Friday, 24 April 2015

Is the Armenian Genocide a myth?

After 100 years, (as of Friday, April 24, 2015) it is now widely accepted by the leaders and many of the people in at least 20 countries including Canada and the United States that the Armenian Genocide was the first genocide of the Twentieth Century.

Armenia had come largely under Ottoman rule during the fifteenth and sixteenth centuries. The vast majority of Armenians, grouped together under the Armenian name, millet (community) and led by their spiritual head, the Armenian Patriarch of Constantinople. They were concentrated in the eastern provinces of the Ottoman Empire. The Armenians were allowed to rule themselves under their own system of governance with very little interference from the Ottoman government.

When World War 1 broke which then led to confrontation between the Ottoman Empire (Turkey) and the Russian Empire in the Caucasus and Persian Campaigns, the new government in Istanbul began to look on the Armenians to their east with distrust and suspicion. This was because the Imperial Russian Army had contained a contingent of Armenian volunteers.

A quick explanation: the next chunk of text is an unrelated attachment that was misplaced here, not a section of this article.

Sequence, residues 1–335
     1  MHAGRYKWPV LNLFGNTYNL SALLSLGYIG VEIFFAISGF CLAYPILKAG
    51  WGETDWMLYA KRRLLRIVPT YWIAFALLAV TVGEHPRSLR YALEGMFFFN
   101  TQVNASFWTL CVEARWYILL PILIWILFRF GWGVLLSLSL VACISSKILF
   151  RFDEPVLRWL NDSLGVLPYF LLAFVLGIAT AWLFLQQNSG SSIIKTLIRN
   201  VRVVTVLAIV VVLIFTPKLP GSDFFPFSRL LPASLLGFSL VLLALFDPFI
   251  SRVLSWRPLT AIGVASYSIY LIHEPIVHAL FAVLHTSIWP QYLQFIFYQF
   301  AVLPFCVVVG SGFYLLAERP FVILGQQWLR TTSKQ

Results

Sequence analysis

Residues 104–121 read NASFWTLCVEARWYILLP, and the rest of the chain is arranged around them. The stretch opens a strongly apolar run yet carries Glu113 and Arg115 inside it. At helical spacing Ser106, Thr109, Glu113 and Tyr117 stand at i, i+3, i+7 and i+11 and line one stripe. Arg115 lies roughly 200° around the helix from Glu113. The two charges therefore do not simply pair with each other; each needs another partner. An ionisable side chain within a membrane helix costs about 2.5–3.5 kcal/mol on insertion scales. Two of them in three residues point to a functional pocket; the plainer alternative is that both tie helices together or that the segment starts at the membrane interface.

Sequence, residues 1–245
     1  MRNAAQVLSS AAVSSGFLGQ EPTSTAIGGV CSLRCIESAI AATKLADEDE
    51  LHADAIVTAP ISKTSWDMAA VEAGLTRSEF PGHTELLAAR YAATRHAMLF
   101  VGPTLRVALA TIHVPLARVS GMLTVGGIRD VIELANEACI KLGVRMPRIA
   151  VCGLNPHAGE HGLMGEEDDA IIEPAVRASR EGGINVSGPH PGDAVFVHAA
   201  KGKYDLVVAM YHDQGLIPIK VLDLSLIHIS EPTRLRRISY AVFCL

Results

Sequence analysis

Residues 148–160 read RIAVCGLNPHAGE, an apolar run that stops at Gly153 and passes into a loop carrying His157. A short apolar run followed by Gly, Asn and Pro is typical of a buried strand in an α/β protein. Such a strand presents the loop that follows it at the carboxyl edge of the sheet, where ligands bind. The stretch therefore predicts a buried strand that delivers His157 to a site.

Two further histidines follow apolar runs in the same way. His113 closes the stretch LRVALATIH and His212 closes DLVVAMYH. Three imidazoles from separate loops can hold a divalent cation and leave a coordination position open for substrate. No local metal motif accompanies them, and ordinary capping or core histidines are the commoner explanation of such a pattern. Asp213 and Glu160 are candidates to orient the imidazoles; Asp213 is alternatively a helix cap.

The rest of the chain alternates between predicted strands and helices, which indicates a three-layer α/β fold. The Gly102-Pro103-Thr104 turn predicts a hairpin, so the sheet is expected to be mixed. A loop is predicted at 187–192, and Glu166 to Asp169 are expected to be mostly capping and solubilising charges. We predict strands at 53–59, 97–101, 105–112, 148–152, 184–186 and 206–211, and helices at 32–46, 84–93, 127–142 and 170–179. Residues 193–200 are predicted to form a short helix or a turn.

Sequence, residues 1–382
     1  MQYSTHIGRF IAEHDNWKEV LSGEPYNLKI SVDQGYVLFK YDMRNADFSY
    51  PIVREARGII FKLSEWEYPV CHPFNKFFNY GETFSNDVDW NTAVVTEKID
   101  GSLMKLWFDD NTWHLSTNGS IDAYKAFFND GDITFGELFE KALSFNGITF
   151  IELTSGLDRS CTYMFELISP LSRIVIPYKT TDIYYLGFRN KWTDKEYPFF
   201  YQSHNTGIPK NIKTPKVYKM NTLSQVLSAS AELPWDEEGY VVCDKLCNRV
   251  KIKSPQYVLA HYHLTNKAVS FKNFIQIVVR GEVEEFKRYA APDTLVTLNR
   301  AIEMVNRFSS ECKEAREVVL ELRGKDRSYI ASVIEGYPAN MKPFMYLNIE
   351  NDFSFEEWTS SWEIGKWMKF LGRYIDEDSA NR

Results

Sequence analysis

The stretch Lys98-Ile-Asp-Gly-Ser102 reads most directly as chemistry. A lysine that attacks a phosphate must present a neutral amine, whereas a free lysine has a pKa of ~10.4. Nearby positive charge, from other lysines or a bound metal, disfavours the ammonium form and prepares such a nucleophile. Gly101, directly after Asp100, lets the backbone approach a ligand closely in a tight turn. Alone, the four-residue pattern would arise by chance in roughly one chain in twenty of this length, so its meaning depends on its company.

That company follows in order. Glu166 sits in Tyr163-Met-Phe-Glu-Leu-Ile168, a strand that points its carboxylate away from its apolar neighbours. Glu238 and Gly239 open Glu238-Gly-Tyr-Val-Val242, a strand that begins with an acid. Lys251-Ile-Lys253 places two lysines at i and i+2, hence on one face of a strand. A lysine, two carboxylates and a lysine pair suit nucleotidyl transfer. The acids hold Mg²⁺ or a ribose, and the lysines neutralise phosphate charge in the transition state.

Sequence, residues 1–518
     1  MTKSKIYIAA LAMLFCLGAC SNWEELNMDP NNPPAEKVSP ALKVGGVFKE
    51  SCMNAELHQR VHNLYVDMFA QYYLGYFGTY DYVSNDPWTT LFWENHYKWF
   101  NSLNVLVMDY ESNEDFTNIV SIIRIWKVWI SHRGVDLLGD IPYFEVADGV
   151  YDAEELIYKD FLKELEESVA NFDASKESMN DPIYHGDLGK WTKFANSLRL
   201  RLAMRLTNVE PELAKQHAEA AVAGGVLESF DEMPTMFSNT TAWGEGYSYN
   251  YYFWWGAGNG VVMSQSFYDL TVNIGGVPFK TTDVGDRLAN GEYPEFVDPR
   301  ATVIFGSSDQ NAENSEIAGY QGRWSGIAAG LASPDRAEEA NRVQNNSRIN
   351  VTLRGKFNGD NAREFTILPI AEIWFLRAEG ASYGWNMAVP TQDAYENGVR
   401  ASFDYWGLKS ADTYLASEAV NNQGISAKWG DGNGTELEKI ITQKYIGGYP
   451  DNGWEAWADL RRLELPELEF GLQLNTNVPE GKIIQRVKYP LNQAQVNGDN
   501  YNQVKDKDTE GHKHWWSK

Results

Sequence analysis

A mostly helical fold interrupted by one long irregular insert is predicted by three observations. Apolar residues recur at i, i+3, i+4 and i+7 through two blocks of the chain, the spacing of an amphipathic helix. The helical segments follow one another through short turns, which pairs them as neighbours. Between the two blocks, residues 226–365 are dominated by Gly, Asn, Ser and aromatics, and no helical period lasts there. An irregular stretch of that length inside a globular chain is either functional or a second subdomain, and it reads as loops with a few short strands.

The killing of as many as 1.5 million Armenians in Ottoman Turkey followed, beginning in April, 24th 1915, when Ottoman authorities ordered the rounding up and arrest of 250 Armenian intellectuals and community leaders  in Constantinople (presently called Instanbul). It was the beginning of a stain of blood that grew larger and larger on the conscience of humanity.